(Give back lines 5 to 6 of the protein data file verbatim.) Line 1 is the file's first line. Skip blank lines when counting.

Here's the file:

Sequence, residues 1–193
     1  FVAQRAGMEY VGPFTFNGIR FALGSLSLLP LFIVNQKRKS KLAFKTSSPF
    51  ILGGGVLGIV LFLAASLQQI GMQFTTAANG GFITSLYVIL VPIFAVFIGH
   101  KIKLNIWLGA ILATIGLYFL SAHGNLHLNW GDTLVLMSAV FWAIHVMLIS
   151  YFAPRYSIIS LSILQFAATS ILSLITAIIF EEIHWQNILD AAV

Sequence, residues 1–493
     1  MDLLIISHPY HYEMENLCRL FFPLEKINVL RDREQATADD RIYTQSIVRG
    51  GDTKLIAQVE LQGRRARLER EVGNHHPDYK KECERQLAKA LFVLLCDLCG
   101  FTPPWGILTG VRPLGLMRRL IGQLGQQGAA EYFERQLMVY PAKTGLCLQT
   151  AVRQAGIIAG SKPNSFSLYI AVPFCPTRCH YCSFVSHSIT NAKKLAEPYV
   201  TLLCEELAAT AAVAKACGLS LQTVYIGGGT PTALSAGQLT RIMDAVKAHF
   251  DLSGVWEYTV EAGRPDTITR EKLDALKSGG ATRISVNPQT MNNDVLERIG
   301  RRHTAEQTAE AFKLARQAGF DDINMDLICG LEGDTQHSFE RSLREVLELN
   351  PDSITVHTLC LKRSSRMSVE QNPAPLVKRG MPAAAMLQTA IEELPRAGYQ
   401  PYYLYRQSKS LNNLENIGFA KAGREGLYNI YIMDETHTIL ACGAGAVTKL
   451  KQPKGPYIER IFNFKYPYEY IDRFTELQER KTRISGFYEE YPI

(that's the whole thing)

   151  YFAPRYSIIS LSILQFAATS ILSLITAIIF EEIHWQNILD AAV

Sequence, residues 1–493